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Topic Review (Newest First)
06-03-2017 11:19 PM
Paveglass Oboz. I use mine in the high country when elk hunting. Great boots with terrific support that can handle adverse conditions.
05-29-2017 03:26 AM
1977 I like Red Wing boots, my recent pair of "Irish Settlers" have been lasting 3 years of everyday wear. Motorcycling, hiking, farming. Minus the few upper steel hooks that have broken off the leather and waterproofing are mint in 4" puddles still. The soles still have 50% wear left and I'm not easy on them.
05-28-2017 10:33 PM
purplehullpeas Personally I like the Columbia Newton Ridge Plus II. But I agree with everything said, from the two pairs rotated to the LE boots being better on hard surfaces.
I like my Columbia's, I bought a second pair and have them in the closet for when these wear out. I work on concrete and hard surfaces. I bought a cheaper pair of Sketchers for daily work now and save my Columbia's for backpacking.
I've worn my share of Bates, and they hold up very well. The Columbia's I wear sell for about $80.
05-28-2017 10:05 PM
Connoisseurus Rex I have an old pair of converse boots handed down from my grandfather. They've held up for years. Very comfy and good for tearing up any terrain but straight up.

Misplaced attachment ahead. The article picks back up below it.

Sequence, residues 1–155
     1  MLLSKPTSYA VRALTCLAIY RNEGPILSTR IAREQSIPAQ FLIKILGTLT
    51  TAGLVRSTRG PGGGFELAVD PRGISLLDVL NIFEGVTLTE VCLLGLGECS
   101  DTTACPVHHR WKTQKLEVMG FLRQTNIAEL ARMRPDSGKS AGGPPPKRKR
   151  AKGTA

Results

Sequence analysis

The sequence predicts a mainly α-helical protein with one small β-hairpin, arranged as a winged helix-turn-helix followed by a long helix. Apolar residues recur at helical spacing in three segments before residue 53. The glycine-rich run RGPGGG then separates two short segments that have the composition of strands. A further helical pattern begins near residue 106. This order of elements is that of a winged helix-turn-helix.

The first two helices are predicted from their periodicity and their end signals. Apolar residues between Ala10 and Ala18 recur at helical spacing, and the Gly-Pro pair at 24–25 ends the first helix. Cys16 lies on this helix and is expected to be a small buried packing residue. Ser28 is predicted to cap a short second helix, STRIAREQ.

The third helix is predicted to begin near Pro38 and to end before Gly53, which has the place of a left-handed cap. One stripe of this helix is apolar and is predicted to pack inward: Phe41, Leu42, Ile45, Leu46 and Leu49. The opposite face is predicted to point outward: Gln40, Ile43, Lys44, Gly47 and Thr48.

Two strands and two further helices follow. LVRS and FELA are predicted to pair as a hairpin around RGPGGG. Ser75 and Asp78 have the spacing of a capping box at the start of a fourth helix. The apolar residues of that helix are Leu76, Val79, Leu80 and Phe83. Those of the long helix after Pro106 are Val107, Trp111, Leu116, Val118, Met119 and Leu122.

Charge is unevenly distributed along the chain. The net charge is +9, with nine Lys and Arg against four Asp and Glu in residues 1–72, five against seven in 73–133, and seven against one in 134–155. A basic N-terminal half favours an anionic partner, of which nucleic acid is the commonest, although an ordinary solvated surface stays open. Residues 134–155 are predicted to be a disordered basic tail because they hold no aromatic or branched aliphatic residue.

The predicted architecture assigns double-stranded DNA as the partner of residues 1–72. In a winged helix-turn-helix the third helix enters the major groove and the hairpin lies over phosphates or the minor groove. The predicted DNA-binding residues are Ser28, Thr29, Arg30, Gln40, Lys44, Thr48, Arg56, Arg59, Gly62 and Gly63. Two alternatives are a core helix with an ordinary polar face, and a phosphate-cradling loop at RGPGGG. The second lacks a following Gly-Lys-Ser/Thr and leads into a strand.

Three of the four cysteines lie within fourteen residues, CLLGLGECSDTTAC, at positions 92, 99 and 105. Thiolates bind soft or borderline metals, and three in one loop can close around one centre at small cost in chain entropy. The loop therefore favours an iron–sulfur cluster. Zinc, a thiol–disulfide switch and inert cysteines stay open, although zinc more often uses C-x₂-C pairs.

The only other comparable boots I own are Reeboks. They aren't as rugged but they wear nice and handle everything I throw at them.

I only bought the Reebok because I couldn't find the Converse.
05-28-2017 09:59 PM
Goulash Guru
Quote:
Originally Posted by Elessar View Post
I've found that the Merrill Moab has the Vibram sole so I'll be sticking to that for now. Hoping for better performance. Side note: Couldn't find a Vibram on either the Bates or the Keen on their web site in a mid height.
Exactry what I have: Moab Ventilator with Vibram sole. Been daily wear for five months, including several hikes in the mountains and through streams. They've held up well so far and are extremely comfortable.
05-27-2017 10:02 AM
PeterEnergy I have hiking sneakers from Columbia that are waterproof. I just bought a 2nd pair. The 1st pair lasted 20 years.

This hiking sneaker is much lighter than my backpacking boot, which I need when supporting a 40 lb pack. This I got 20 years ago from LL Bean. Consumer Reports once rated them the best. My experience is 5-star, outstanding. Not cheap.

05-27-2017 09:26 AM
Don H I've got a pair of Danners that must be 40 years old. Been resoled once, now my son wears them.

I'f you want a heavy boot for work or hunting buy some heavy waterproof boots. But if you're hiking or backpacking 15 - 20 miles a day go with a pair of trail runners with a stiff inner sole.